In an eerie twilight, the bright grey sky looming, lighting solos occasionally piercing the horizon, the writer in me is coaxed into a state of creativity which evaded me indoors only moments ago. I sat still in the mist of the rhythmic rain, gaze averting from the computer screen to the evening glories sprawling up the porch slats. Vines are doubling over; they need to be trained up, but that’s Wednesday’s investment. Tuesday’s is writing.
And so I resist the urge to begin untangling vines and looping them around the fishing line strung up past the hanging baskets. While trying to find writing inspiration, my brain was visualizing the act of fixing them. Rather than dismiss the evening glories, I saw, amidst their interlaced leaves, my greatest weakness.
The need to fix things that are broken is almost palpable at times. When my sister-in-law tells me her phone isn’t getting texts, I actually get excited. When my brother needs to install software without a virtual drive, I’m energized by the challenge. When my mom can’t figure out how to move a Google Drive folder, I drop the lawn mower and hit the computer.
I’m not sure why I’m driven to fix things. Maybe a little writing therapy can shed some twilight on what I get out of it. The optimist might claim it’s born of good Christian charity or a selfless heart, but I know myself too well to let that explain the acts of service. Something compels me to right ships, whether the vessels are technology, plants, or people.
My mind is flooding with images of living in my parents’ house after I’d left my husband. I was existing with no job for the first time in fifteen years. A family friend’s daughter was getting married, and she needed some technical assistance printing the programs. The first visit evolved into weekly sessions where I helped plan and coordinate the ceremony and reception. Though it was strange to prepare for someone else’s nuptials while I was signing away my own, it felt good to be useful.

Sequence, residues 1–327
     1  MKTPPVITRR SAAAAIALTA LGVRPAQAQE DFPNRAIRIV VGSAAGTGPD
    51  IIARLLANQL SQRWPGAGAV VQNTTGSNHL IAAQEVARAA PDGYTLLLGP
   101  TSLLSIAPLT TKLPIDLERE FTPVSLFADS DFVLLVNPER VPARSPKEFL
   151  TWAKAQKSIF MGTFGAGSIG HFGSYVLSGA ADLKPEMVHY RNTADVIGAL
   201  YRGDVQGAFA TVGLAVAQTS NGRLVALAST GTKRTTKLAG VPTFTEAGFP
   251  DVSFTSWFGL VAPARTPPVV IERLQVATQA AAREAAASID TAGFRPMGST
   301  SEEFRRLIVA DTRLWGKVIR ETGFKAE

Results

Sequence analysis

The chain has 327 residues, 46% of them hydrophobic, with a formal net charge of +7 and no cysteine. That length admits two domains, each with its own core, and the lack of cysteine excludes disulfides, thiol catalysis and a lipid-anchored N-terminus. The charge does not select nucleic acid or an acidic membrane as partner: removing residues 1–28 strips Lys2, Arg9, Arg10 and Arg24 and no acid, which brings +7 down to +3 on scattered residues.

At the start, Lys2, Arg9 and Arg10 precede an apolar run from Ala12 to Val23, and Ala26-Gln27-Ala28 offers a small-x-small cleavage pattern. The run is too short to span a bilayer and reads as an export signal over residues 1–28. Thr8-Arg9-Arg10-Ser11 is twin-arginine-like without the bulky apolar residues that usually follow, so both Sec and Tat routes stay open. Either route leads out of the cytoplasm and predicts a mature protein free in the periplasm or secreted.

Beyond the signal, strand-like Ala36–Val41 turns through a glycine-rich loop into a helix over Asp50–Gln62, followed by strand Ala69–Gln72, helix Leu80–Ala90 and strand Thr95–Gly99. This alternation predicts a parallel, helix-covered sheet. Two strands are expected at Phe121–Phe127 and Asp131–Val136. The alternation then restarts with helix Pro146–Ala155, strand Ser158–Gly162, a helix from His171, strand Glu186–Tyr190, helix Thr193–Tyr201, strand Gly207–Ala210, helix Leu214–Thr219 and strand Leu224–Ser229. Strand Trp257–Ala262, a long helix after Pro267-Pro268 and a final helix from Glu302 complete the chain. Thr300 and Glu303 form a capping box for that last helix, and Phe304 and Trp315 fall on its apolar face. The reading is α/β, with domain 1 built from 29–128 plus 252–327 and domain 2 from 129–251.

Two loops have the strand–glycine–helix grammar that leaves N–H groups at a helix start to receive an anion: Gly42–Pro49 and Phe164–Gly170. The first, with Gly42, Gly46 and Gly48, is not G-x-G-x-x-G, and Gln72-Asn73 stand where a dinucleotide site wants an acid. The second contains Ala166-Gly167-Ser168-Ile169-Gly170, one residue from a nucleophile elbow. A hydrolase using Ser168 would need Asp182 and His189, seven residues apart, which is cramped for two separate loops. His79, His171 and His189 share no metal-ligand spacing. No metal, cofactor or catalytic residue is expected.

And I was pretty good at wedding planning. I’d done a few for friends and members of my congregation back in Nashville. The stereotypical overachiever, I see what needs to be done and can usually do it. I might have to cue up a few YouTube videos or tutorials, but organization, order, and structure are the Fort Knox that protects my sanity. When chaos threatens, I have a knack for finding a way forward to resolution.
This need to fix things benefits others. As I sit and write, all the while worrying that letting the vines grow one more night in the wrong direction will make the task more difficult tomorrow, why do I identify this need as a weakness? Because I am unable to leave well enough alone. Because this need is indiscriminate. It knows not if someone wants to be helped nor if I have enough resources to meet the need without personal loss.
My high school boyfriend was from the wrong side of the tracks according to my mother. He was rough around the edges, fighting a losing battle to the legacy of an abusive, alcoholic father. His brokenness enticed me. I saw his wounds, and I thought my love could heal them. Despite my better judgment, I started a relationship with him hoping to bring him around to faith in God. I wound up bruised and alone in the end. I’m not sure I fixed anything, but I broke myself trying.